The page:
Please sign in to post.

The past 5 weeks in France

Just a quick note regarding our travels over the past 5 weeks in France. We had just picked up our rental car in the Loire Valley the day the stikes began ( November 17). We encountered the Gilets Jaunes first in Dinan, Brittany. We were delayed in the major roundabouts, but were able to get through. As the week progressed, there were more yellow vests not only in the roundabouts, but folks were showing their solidarity by displaying their yellow vests in the dashboard of their cars. We had to change our travel plans and lost our reservation at Mt. St Michel since the roads leading to Mt. St Michel were closed. (the hotel did not refund, planning on disputing ) Traveling up to Normandie, then to Caen, we used Waze to avoid the major roads, which were closed. While in Bayeaux, we witnessed a mini protest with at least a dozen large tractors driving down the tiny cobblestone streets! Quite a sight! We were very happy to drop off our rental car in Caen on the 24 of November , then relying on trains. We arrived in Paris and stayed in the Maris district. We were here for the 2 big Saturday protests. December 1, the protests were localized around the Champs Elysess, so there were plenty of other sights for us to see. Last Saturday, the 8 December, when everything was shut, many of the shops in the Maris and all the banks were boarded up. We visited the Pere Lachaise Cemetery (the only sight not closed) (it happened to be Jim Morrison's birthday!) We could hear the cacophony of the protests below, a little harrowing! It was a little tricky returning to Maris since the metro stations were closed and the roads were closed so we could not take the bus. Also the Velib (bike rental program) had closed many of their stations due to the protests).Interestingly, the neighborhood around the Pere Lachaise cemetery, it was business as usual, shops were open, cafes filled with folks. We arrived safely in the Maris about 5pm. Soon, we heard a marching band and chanting! There was a large group of very jovial protesters headed down our street! I think there were part of the Enviromental Protest which was happening that day which the press did not cover.
To sum up: We were fortunate enough to have the luxury of time, so a day "lost" was no big deal. We witnessed history here in France which is something you cannot put a price on. As RS says: BE FLEXIBLE IN YOUR PLANS! ( and IMHO, spend as much time as possible!) Although we had to endure a rainstorm here and there , traveling off season is the only way to go. No lines ANYWHERE! and the locals were all very friendly and helpful.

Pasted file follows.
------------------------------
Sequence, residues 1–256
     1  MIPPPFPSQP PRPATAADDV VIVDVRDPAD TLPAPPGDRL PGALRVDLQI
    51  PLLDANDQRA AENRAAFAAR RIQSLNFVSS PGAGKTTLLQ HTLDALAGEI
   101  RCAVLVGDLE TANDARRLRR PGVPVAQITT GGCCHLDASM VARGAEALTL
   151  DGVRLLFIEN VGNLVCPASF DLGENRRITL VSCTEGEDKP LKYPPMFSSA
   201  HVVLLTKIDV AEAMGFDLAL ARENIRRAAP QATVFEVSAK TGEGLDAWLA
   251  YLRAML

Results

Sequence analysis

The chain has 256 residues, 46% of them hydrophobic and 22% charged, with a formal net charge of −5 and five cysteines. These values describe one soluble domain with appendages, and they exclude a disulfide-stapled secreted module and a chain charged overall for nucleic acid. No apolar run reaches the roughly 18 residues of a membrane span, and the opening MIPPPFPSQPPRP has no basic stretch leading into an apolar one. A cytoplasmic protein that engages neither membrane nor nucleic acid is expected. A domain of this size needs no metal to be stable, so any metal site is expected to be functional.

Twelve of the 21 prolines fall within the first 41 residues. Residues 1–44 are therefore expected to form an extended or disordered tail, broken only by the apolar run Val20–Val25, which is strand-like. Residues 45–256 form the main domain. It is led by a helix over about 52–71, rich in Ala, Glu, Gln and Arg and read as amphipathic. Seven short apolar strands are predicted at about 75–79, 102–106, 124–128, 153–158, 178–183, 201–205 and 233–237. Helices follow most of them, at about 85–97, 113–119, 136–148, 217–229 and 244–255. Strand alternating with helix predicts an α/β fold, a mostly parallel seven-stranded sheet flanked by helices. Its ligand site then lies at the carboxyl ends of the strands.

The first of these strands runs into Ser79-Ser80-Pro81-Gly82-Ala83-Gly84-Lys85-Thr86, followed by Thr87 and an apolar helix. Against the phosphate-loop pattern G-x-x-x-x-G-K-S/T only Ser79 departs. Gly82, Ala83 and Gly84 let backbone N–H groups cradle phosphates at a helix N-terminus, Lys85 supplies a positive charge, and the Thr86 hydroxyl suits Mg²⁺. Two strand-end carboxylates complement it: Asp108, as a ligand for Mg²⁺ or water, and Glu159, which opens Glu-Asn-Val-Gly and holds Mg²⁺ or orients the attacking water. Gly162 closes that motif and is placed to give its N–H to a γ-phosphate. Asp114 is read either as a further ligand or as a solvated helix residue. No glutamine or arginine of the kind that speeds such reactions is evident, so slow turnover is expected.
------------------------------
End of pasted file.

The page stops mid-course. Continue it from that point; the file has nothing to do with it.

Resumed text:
Merci Beaucoup and Via La France!

Posted by
5766 posts

Good report, thank you.

I note many travelers posting their worries about "riots" and questioning whether they should cancel their trips to France over fears of "lack of security". To me, such drastic reactions seem wildly overblown, but I'm not there (although I've been there and elsewhere in Europe around demonstrations before). You just were.

I take it that although you were inconvenienced a few times due to road and transit closures, you never felt that you were in any danger - correct? Just wanted to get a recent eyewitness report that clarifies that (for those overreacting and thinking about canceling their trips).

Posted by
5 posts

The only time were were slightly concerned was when we were in the Pere LaChaise Cemetery, hearing all the commotion in the streets below. Since we had just walked through the surrounding neighborhoods, and there were no boarded up shops, and folks were going about their business, we were reasonably certain we were safe. Also the news had reported, and as we had witnessed the days leading up to the 8 December protests, there was a large presence of police and military personal patrolling the neighborhoods.

Posted by
11973 posts

Wow, that's by far the worst I've heard of (at least as long as I've been paying attention). I tend to assume the press sensationalizes the story and shows only the worst locations. My experience with protests and riots in Europe is they are isolated and people generally know when and where so they can avoid the area.

I was in Madrid in 2012. There were riots but they were localized and easy to avoid. I don't think I've heard of protests that wide spread since the Velvet Revolution.

Posted by
769 posts

Posts have been edited and removed. As a reminder, this is not a place to discuss politics.

Thank you.